• Girls and women on the spectrum are generally skilled in one on one social relationships, but are uncomfortable and anxious in large groups of people.

• Girls may have great difficulty in attempting to explain their difficulties in social situations and/or groups. Instead, they may skip school, complain of headaches or stomach aches or refuse to go to school.

• Girls facial expressions tend to not match their moods. They may say that are fine, but on the inside they are unhappy, anxious or both.

• Girls tend to be more passive-aggressive (avoid social activities, refuse requests from others or refuse to complete tasks,), tend to blame themselves and/or internalise their feelings and anger and have less ADHD.

Girls on the autism spectrum are more likely to come to the attention of health professionals due to difficulties with anxiety, depression, eating disorders, behavioural problems and/or social skills challenges. The presenting problem then becomes the ‘diagnosis’, with the larger picture and explanation for feeling “different” is missed.

Women with Autism are most likely to have had a long history of misdiagnoses, often with borderline personality disorder, schizophrenia, anxiety disorder, depression, selective mutism, OCD, but somehow those labels just didn’t seem to fit adequately. Up to 42% have been misdiagnosed (Gould, 2011).

Many women with an autism spectrum condition are not being diagnosed and are therefore not receiving the help and support needed throughout their lives. Having a diagnosis is the starting point in providing appropriate support for girls and women in the spectrum. A timely diagnosis can avoid many of the difficulties women and girls with an autism spectrum disorder experience throughout their lives. Who should I take my child or myself to see? Ask your doctor, psychologist or paediatrician how many girls with Autism they have seen. They must have seen as least 50 girls with AS, due to the ‘social echolalia’ or the camouflaging of social confusion that females on the Spectrum engage in.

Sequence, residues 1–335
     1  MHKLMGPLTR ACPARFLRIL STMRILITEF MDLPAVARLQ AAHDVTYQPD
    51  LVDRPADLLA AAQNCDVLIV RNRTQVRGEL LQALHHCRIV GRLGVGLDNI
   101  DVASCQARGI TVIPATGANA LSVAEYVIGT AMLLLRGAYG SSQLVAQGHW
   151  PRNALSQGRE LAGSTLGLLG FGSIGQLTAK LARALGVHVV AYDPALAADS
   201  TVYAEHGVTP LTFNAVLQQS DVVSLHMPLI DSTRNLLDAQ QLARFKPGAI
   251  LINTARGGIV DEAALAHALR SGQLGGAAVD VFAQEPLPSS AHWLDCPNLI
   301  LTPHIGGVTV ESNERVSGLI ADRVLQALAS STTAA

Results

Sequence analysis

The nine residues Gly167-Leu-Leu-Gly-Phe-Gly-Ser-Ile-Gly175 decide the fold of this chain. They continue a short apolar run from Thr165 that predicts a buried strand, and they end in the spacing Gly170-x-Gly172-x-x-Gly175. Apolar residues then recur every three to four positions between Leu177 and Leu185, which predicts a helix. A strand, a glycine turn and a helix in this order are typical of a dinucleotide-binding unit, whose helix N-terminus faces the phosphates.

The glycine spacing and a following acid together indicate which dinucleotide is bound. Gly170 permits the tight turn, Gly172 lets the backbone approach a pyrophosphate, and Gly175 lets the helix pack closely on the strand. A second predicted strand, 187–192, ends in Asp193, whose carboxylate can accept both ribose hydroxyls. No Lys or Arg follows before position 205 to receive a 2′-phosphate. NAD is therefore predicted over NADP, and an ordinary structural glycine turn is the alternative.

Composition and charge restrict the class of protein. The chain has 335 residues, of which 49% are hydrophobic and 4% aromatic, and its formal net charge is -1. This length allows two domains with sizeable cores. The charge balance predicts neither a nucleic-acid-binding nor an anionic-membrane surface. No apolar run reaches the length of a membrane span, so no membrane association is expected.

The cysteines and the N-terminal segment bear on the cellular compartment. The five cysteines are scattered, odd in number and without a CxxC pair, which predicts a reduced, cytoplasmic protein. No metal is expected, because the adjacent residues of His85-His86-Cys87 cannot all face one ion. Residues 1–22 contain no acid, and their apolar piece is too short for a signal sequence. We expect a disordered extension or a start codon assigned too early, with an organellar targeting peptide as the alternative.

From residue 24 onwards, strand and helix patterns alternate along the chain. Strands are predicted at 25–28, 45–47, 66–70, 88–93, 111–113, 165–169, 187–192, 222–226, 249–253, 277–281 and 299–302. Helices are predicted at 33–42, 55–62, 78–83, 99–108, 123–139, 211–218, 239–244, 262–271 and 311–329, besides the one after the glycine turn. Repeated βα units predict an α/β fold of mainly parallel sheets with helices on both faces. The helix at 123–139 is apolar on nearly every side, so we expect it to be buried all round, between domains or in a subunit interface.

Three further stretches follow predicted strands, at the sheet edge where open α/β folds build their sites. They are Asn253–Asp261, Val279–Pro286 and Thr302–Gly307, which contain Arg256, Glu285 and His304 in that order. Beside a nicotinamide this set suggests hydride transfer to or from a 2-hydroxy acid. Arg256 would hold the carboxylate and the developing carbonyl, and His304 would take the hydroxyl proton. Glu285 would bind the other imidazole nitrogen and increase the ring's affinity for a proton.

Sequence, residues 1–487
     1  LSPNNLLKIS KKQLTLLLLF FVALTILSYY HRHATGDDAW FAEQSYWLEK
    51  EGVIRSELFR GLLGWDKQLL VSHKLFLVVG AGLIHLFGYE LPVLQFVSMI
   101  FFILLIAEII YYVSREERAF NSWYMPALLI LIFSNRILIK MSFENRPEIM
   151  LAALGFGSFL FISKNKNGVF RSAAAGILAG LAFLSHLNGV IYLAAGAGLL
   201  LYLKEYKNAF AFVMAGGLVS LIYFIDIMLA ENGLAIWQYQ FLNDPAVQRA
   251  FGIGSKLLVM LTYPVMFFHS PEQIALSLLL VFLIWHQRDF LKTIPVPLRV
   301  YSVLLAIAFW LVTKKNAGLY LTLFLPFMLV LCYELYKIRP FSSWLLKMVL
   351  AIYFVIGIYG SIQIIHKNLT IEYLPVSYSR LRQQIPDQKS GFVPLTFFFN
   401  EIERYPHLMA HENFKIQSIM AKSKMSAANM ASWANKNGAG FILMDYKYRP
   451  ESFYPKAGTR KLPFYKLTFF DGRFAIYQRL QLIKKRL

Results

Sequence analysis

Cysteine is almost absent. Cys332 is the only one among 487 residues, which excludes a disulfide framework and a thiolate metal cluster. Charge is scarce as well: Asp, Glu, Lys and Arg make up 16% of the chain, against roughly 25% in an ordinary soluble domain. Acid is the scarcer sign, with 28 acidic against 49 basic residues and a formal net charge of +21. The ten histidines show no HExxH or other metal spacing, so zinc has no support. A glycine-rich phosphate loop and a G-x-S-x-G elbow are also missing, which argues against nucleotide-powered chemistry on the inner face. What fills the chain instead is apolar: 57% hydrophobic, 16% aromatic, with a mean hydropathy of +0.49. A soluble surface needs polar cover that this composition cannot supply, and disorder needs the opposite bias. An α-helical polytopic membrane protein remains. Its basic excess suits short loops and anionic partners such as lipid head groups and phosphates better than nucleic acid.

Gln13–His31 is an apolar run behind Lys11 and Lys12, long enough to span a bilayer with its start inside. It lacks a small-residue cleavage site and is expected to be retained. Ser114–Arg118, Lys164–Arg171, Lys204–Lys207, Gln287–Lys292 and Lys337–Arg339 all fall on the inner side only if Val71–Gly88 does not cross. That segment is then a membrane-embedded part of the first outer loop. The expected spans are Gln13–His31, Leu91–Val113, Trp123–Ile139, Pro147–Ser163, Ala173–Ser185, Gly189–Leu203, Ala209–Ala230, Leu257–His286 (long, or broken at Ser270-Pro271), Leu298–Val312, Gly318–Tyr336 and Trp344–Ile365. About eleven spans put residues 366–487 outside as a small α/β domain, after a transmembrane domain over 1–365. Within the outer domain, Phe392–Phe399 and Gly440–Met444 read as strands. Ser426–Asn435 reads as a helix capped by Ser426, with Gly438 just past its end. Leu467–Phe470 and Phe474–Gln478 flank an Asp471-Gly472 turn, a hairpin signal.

Three Common Female Autism Myths and Advice

1. Girls and women cannot socialise. Actually, many girls and can socialise quite well, just not for as long. They tend to suffer from social exhaustion or a ‘social hangover’ from longer periods of socialising. All persons on the spectrum need solitude to recharge their batteries.
Advice: Let your family or friends know that you need a solitude break, to allow you to recharge your batteries. Let them know that this is how your regain your energy.

2. Girls and women lack empathy. Actually, there are different types of empathy. Girls and women have high emotional empathy, being highly sensitive to the emotions of others, also known as referred emotion, the actual feeling of others feelings. This can be quite overwhelming for the person experiencing it. Being overwhelmed by feeling others emotions makes it challenging for them to process or ‘read ‘the subtle social signals (tone of voice, subtle expression on face)
Advice: Learn to accept and trust your intuition. Learning a variety of interventions to help manage or cope with high empathy is important.

3. Girls and women with autism cannot lie. Girls and women with autism can lie, but they usually do it badly. They tend to lie to the detriment of all concerned or lie as a quick fix because they do not know what to do, so they will deny, even when it’s plainly obvious that they are. In addition, females tend to tell the truth when it is not socially acceptable to do so or be truthful with their emotions, when it may not be the best time or place to show those emotions.
Advice: Social stories for “white lies” and the appropriateness of “emotional truth” are useful intervention tools.

About Tania Marshall

Tania holds a Masters of Science in Applied Psychology and a Bachelor of Arts in Psychology. She regularly provides diagnostic assessments, support and intervention.

Tania is currently working on her fourth book. She is co-authoring a book for professionals tentatively entitled “Assessment of Autism Spectrum and Asperger’s in Females: Comprehensive diagnostics and treatment planning for girls and women with autism spectrum conditions across the lifespan”.

To enquire or book assessments, problem solving sessions and/or support, please e-mail Tania at tania@aspiengirl.com

Tania is also completing the first three in a series of books on female Autism. Her book series is available for purchase at http://www.aspiengirl.com

To enquire about interviews, articles, workshops, or translations/translating of her books, please email Tania at tania@aspiengirl.com

book series2Tania Marshall©, 2013-2014. All rights reserved. Aspiengirl and Planet Aspien are trademarked. Thank you.